5 min read
The Simpsons is arguably one of the most popular shows on television. Premiering in 1987, the program has had more than 600 episodes and tackled a variety of themes. It tackles a variety of issues we face in the real world, one of those being the subject of debt. Although, arguably, the Simpsons didn’t take a realistic approach to this issue:
One common cliché in television – and the Simpsons – is a character gets caught by a business being unable to pay their bill. To resolve the issue, the manager typically puts them to work.
If this is a restaurant, they might have to wash dishes until they’ve cleared the debt. Although how those plates were going to clean themselves before the character arrived is anyone’s guess.
A similar situation occurred in the episode ‘MyPods and Boomsticks’ where Lisa racks up a huge ‘MyPod’ download bill. To pay the debt, the company puts her to work as a living advertising billboard.
It’s actually illegal for a firm to do this – for the same reason that indentured slavery is illegal. However, this is still a fiction which is quite common today. In this situation, a business would not put you to work until the debt is cleared. Instead, depending on the circumstances, they might decide to take legal action against you.
Debt collectors are one of those professions where it’s common to assume the worst. While politicians are frequently associated with having a flexible approach to the truth, debt collectors are sometimes regarded as having no morals.
On television, these characters may threaten or torment the debtor until this person pays what they owe. In the Simpsons, few characters embody this personality more than ‘Mr Burns’ – notably in the episode ‘Homer vs Dignity’. In this, Mr Burns hires Homer to pull a variety of pranks on the town – with no thought to his mental or physical wellbeing.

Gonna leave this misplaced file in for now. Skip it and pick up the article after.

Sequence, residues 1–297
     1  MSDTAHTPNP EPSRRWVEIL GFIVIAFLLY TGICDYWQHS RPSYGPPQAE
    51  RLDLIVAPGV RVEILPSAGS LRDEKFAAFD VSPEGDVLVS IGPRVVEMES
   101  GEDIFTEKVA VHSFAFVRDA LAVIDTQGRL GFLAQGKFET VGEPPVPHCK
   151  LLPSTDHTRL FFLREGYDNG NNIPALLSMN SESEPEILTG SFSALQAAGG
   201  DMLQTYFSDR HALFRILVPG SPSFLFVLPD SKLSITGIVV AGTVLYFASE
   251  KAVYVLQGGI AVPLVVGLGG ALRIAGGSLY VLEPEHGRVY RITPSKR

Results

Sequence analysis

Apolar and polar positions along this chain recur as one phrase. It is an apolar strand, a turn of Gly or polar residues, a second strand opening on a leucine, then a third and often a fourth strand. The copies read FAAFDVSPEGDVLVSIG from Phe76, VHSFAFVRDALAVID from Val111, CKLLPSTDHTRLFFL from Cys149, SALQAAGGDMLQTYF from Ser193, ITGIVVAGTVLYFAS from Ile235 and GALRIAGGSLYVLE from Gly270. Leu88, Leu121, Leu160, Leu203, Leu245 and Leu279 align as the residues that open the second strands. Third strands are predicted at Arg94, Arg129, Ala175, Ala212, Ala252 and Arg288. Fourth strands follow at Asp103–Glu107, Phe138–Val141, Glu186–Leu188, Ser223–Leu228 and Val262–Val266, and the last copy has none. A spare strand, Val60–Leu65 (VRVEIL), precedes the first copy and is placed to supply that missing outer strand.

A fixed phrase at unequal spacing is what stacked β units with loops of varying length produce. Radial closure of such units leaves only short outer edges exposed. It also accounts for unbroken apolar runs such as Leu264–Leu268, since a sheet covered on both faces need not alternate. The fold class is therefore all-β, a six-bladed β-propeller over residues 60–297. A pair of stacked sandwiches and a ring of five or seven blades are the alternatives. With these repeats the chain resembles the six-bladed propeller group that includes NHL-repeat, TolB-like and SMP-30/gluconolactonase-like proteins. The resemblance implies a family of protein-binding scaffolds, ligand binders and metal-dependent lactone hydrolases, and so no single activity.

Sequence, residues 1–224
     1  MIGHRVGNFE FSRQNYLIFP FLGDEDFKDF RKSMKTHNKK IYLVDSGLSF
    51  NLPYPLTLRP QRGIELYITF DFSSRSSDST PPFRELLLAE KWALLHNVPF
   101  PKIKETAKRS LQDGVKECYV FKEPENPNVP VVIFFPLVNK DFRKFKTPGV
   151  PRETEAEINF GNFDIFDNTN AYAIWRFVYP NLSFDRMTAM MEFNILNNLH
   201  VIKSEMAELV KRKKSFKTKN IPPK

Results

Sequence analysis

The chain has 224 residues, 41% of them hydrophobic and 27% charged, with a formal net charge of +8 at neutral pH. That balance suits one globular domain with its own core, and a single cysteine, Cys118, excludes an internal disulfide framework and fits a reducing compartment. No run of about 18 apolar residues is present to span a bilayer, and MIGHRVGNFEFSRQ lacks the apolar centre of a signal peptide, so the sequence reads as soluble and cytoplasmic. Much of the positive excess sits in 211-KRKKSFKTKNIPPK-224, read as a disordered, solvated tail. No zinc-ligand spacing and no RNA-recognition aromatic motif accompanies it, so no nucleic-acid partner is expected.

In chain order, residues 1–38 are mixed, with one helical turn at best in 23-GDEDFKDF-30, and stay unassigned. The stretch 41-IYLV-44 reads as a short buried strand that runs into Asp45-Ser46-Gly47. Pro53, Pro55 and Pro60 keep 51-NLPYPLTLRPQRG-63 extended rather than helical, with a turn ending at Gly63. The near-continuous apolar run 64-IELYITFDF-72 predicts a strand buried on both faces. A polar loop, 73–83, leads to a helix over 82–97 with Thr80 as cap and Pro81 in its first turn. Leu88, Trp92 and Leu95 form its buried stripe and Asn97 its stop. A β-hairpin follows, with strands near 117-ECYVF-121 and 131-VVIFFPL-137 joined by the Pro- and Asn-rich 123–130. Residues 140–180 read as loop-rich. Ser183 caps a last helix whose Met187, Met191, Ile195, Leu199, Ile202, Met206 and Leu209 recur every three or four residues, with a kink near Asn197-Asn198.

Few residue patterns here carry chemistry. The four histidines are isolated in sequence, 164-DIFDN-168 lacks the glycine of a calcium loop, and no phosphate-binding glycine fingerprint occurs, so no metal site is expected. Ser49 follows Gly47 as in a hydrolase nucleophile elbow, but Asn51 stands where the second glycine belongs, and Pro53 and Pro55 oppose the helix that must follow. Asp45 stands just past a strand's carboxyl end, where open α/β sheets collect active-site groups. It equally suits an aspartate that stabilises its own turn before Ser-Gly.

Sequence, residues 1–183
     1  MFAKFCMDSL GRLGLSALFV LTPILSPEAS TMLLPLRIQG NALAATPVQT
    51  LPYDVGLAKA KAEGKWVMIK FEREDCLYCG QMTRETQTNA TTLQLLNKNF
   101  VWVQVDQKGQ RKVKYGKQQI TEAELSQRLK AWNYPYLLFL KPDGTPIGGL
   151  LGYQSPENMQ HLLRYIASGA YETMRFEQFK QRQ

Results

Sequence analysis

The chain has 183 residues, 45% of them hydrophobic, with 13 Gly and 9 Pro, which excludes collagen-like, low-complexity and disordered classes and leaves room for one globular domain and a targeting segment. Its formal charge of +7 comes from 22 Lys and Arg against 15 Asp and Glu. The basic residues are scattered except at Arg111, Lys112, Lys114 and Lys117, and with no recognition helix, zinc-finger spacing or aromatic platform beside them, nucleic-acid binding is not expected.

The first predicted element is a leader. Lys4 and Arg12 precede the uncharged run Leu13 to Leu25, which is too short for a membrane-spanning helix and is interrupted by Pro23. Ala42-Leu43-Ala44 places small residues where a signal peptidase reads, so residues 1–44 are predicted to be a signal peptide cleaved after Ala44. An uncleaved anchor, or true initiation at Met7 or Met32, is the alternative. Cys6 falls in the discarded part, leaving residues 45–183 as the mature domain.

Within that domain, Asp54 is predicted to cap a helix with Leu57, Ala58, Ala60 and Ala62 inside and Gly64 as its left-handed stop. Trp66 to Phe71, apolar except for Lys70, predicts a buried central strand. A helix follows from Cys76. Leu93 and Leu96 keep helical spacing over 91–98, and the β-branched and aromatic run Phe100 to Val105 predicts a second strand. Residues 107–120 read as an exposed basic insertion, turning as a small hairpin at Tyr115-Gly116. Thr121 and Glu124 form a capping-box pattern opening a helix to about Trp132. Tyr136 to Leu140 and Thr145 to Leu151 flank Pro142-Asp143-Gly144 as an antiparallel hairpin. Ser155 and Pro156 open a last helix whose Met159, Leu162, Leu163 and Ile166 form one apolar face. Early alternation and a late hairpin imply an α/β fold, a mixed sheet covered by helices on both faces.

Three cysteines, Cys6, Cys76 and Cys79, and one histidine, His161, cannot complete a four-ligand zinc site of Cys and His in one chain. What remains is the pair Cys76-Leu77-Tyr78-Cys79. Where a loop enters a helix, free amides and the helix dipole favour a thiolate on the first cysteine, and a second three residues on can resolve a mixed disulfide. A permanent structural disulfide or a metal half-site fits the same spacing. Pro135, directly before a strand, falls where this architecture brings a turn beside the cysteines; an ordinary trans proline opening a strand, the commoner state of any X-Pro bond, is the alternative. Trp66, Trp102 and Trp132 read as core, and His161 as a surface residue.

Fortunately, debt collectors have to abide to a strict professional code. For example, they can’t call outside unsociable hours, harass you, or speak to other people about your debts without permission.
Another common cliché seen in television shows is that you can rack up large amounts of credit card debt without long-term consequences. When the character eventually realizes the error of their ways, debt collectors arrive to repossess the goods.
The show then usually ends with the character’s life returning to normal.
We see this in the Simpson’s episode ‘The Canine Mutiny’ where Bart fraudulently applies for a credit card, gets approved, and uses it to buy expensive goods – one of them a trained dog named Laddie.
When debt collectors eventually demand payment, Bart ignores them. However, bailiffs soon turn up and repossess the goods. In real life, this matter would be more serious. For example, if he applied for the card legally, his credit rating would have been effectively ruined and the various lenders may have pursued legal action against him. If unable to pay, he might have even been made bankrupt.